Where is the Southeast Anyway?
By Jordan DeTar
Y’ALL. When I moved to Nashville a few years ago, it was the y’all that made it clear. It wasn’t the hot August sun, nor was it the cowboy boots or the abundance of sweet tea. It was the y’all that greeted me with seemingly every wave that signaled I had entered the South.
Funny enough, I’m originally from Maryland, which is just as much a part of the South as Tennessee according to the U.S. Census Bureau. I remember sitting in my freshman year dorm at Vanderbilt amusing myself as I tried to convince my friends from Georgia, Texas, and Louisiana that I was from the South — I even lived below the Mason-Dixon line! ‘True’ Southerners themselves, they weren’t having it. “Do you say y’all?” Never. “Do you wear cowboy boots?” I still don’t own a pair. “Do you crave sweet tea in the summertime?” I’ve always been more of a lemonade kind of girl. In their eyes, I wasn’t Southern. In fact, I wasn’t even Southern in my own eyes. That’s where this gets complicated. Where is the Southeast anyway?
ModernCapital’s mission is to expand venture capital sources for Southeast-based startup founders by increasing connectivity between major venture capital hubs (such as San Francisco, Los Angeles, and New York City) and the Southeast. But when we say the Southeast, what do we mean?
The American Association of Geographers defines the southeastern United States as Alabama, Florida, Georgia, Kentucky, Mississippi, North Carolina, South Carolina, Tennessee, Virginia, and West Virginia. The OSBO uses the same states, but includes Arkansas and Louisiana (Southeastern United States). While we want to highlight which area of the country we are focused on, we aren’t concerned with specific geography as much as this generally intriguing region that is experiencing significant economic booms, yet currently gaining relatively little attention from venture capitalists.
What characterizes the Southeast? Apart from the humid climate and charming Southern twang, the Southeast’s unique culture makes it a place where startups can thrive. Southern hospitality lends to an important sense of camaraderie that cultivates a mutually supportive environment between founders and investors. Further, the strong public-private collaboration across multiple industries spanning from clean energy to ag-tech to healthcare and more provides startups with the necessary infrastructure to get going. The Southeast’s relatively lower cost of living doesn’t hurt either, as budgets can stretch further, capital is more efficiently utilized, and talent is more easily retained. With an overall business-friendly environment, the Southeast boasts an atmosphere that has stimulated economic activity for decades and has the potential to promote extraordinary growth in the future.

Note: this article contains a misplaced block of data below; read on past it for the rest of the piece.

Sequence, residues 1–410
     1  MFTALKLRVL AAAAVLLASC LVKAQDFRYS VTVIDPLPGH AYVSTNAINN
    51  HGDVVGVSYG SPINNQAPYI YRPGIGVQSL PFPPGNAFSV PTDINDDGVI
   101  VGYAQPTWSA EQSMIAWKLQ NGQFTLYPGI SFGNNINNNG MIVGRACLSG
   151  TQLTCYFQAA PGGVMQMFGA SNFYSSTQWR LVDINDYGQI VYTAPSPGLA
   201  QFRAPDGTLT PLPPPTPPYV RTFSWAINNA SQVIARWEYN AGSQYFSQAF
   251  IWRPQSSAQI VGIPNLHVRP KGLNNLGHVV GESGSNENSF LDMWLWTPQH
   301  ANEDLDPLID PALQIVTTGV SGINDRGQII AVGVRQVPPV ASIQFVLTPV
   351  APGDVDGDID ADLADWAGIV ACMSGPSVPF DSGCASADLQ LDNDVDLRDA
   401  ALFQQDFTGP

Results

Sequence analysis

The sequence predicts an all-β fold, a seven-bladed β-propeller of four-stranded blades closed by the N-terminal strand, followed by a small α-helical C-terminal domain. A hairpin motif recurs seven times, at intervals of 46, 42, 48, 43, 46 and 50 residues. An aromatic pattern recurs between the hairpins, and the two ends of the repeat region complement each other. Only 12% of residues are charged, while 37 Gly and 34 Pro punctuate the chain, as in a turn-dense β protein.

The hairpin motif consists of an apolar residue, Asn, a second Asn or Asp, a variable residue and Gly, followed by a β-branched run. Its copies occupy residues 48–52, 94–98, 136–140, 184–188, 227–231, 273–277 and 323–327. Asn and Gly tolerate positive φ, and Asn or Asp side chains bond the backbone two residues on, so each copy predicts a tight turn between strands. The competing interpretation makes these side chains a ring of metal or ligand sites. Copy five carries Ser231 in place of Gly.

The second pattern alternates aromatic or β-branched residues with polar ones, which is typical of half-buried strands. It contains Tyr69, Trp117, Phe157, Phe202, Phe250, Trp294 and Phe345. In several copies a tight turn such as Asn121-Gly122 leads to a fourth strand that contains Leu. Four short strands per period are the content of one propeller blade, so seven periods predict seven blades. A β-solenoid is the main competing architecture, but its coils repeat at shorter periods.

Since the late 1900s, the Southeast’s economy has revealed itself to be the fasted growing of all regions in the U.S., and it is home to quite a multicultural group of people, fostering an environment of creative thinking and innovation. In the past forty years, the Southeast has emerged as a center for the service economy, manufacturing industry, the financial sector, and most intriguing to us — high technology companies. Further, research is flourishing in the region as the Southeast boasts the two largest research parks in the nation: Research Triangle Park in North Carolina and Cummins Research Park in Alabama, as well as additional prominent research and development institutions including the Virginia BioTechnology Research Park and NASA’s Marshall Space Flight Center in Alabama, among others. BIP Capital’s 2017 The State of Startups in the Southeast identifies an increase in startups and venture capital funds in the region, while real estate firm Cushman & Wakefield includes five Southeastern cities in their list of America’s 25 Leading High-Tech Metro Areas. Despite this growth, we know that most venture capital money is concentrated in just a few major hubs. And we want to change that.
Our ultimate goal is to #BuildinSE (translation: build in the Southeast). We have identified a problem in the fact that venture investors are going to and coming from the same few cities when there is an abundance of talented entrepreneurs living in every state across the U.S.
We see particular potential in this area of the country because while there exists a vast pool of talent in the Southeast, it has been largely untapped. We also believe a natural byproduct of introducing new capital sources will be increased diversity and inclusion in tech. While we may be focusing today on the Southeastern states listed above by promoting #BuildinSE, we are laying the foundation to transform venture capital in the Southeast and beyond.
Stay tuned for more posts relating to #BuildinSE, and have a great day, y’all!